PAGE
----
Sports Medicine
A Crucial Period
Good Pain, Bad Pain
On Your Knees
Secondary Injuries
Imaging Technology
What's Sciatica?
The Female Athlete
Putting Your Feet First
Itis Schmitis
Too Much, Too Soon
Under the Influence
What's Goin' On?
Think Inches, Not Pounds
Preventing Vaginitis
That Painful Pull
Athlete's Heart
Exercise & Arthritis
Chilled to the Bone
Measuring Body Fat
Exercise and Your Breasts
Choosing a Sports Doctor
Lean on Me (Shoulder)
Exercise & Anemia
Exercise Abuse
Pelvis Sighting
Hand Aid
It's All in the Wrist
Back in Action
Altitude Adjustment
Tennis Elbow, Anyone?
Exercising in the Heat
Agony of the Feet
Restless Legs
Night Time Cramps
Birth Control Concerns
No Periods, No Babies?
Post Partum Prescription
Weight Loss Mystery
Undesirable Cooldown
To Brew Or Not To Brew
Fitness After Baby
Biking and Back Pain
Swimmer's Shoulder
A Hidden Athlete
Avoiding Osteoporosis
Drug Testing
Maximum Heart Rate
Headway Against Headaches
Torn Rotator Cuff
Fat Figures
Bloody Urine
Sag Story
Lackluster Leg
Bothersome Bulge
Gaining in Years
Taking It On the Shin
Aching Ankles
Hoop Help
Tender Toes
Meals For Muscle
Growing Pains
Hot Tips
High Altitude PMS
Personal Bests
Air Pollution
Ankle Blues
Heartbreak Heel
Yeast Relief

What's Going On in There?

The physiological effects of exercise on your body.

A month ago you could barely run two miles; your heart would be racing and your leg muscles would be sore. Now after running four times a week, a three-mile run is no sweat. What's going on inside your body?

Anyone who has exercised regularly has experienced the thrill of improving. You've improved, of course, because you've trained. But how exactly has your body adapted to the training? In what way have your muscles changed? What has happened to your heart? Why doesn't it beat as fast when you're in shape?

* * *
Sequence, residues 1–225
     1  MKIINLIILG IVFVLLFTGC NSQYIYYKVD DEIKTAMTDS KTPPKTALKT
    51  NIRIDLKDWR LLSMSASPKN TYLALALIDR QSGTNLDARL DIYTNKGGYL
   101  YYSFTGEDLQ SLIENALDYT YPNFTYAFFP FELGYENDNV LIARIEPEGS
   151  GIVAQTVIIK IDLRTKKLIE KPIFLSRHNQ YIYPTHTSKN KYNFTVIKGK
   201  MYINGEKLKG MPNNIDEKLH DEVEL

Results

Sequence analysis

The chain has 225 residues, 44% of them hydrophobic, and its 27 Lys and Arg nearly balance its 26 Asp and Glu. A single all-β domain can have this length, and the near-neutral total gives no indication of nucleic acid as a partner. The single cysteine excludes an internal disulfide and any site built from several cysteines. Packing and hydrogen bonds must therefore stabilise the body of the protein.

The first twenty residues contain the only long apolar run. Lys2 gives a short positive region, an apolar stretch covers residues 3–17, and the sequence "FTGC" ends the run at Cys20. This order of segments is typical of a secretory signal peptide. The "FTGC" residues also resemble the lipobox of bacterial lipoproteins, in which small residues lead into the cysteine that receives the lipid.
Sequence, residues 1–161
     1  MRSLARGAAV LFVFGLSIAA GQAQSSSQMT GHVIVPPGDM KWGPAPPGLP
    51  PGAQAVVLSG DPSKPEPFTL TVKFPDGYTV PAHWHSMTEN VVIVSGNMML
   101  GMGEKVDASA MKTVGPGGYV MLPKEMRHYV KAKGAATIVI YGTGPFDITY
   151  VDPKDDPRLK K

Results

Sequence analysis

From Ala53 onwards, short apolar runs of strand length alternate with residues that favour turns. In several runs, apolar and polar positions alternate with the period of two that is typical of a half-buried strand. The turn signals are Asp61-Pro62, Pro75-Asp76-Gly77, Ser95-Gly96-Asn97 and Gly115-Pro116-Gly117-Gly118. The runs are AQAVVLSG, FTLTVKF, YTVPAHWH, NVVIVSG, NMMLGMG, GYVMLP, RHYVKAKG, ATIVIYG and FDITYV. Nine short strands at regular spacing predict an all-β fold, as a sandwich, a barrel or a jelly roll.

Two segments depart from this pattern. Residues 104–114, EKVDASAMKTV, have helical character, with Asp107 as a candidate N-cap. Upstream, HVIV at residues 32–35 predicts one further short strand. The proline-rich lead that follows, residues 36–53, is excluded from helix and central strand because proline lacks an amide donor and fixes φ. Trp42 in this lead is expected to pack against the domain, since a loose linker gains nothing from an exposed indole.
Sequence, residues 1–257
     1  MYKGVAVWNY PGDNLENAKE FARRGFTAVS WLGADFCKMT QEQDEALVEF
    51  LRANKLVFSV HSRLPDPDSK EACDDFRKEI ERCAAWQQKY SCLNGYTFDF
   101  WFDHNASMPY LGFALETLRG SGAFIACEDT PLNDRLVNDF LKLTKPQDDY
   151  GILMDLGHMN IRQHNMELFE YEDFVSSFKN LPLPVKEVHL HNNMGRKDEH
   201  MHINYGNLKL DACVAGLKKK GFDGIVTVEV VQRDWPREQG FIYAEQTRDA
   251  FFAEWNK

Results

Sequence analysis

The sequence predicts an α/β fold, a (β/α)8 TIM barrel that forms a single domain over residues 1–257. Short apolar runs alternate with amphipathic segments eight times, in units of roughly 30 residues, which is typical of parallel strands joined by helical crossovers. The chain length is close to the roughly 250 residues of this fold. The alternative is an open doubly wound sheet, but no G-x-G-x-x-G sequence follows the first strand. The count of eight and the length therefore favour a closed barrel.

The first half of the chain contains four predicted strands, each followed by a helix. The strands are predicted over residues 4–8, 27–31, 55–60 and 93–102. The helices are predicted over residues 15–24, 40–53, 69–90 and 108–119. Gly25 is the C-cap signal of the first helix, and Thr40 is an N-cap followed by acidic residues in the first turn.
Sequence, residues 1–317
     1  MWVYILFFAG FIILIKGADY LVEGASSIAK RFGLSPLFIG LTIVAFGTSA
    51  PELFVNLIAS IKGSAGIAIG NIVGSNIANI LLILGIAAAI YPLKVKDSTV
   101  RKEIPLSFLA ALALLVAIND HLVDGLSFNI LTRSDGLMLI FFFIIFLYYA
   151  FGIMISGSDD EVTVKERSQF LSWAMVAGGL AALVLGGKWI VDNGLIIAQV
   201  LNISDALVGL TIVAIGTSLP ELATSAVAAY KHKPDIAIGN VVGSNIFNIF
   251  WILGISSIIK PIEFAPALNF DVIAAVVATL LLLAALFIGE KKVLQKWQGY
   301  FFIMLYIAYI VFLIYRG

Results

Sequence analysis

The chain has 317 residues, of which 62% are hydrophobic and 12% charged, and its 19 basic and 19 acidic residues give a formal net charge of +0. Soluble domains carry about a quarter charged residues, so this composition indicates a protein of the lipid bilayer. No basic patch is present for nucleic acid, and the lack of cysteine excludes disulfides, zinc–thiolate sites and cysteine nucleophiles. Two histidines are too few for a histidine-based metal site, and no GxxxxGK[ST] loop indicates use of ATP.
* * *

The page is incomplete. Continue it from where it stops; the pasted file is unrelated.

When you begin exercising regularly, your body undergoes several physiological and neuromuscular changes. Naturally the changes will vary according to the frequency duration and intensity of your training.

If you train for speed, you'll get faster. If you train for strength, you'll get stronger. Genetics also play a part in how your body adapts to training. Even if you and a friend follow the same training schedule, one of you may improve more quickly and dramatically than the other.

Remember that all of these changes take time - usually four to eight weeks -and all of the beneficial adaptions disappear when you stop training, usually faster than they developed.

How the Heart Adapts

The most important muscle that adapts to training is the heart. During exercise, it pumps blood containing oxygen, fluids and nutrients to the active muscles. Blood flow then drains the metabolic waste products away. The more blood pumped, the more oxygen is available to the exercising muscles. And as muscles train, they're better able to extract and use the oxygen to produce more work.

The heart adapts to aerobic exercise over time so it can pump more blood per stroke. In untrained people who exercise, cardiac output can increase to four times resting capacity. In the untrained female, it goes from pumping 4 to 5 liters a minute at rest to 16 to 20 liters a minute during exercise, primarily through an increase in heart rate.

What happens in trained athletes?

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Table of Contents

Foreword: Billie Jean King

Comments by Barb Harris
Editor in Chief,
Shape Magazine

General Health
Common Medical Problems
Dental Health
Infectious Disease
Sexual Health
Emotional Well-Being
Eating Disorders
Alcohol & Other Drugs
Environmental Health

The information in this web site is for educational purposes only and is not providing medical or professional advice. It should not be used for diagnosing or treating a health problem or disease. It is not a substitute for professional medical care. If you have or suspect you might have any health problems, you should consult a physician.

Copyright 2000 - Sports Doctor, Inc.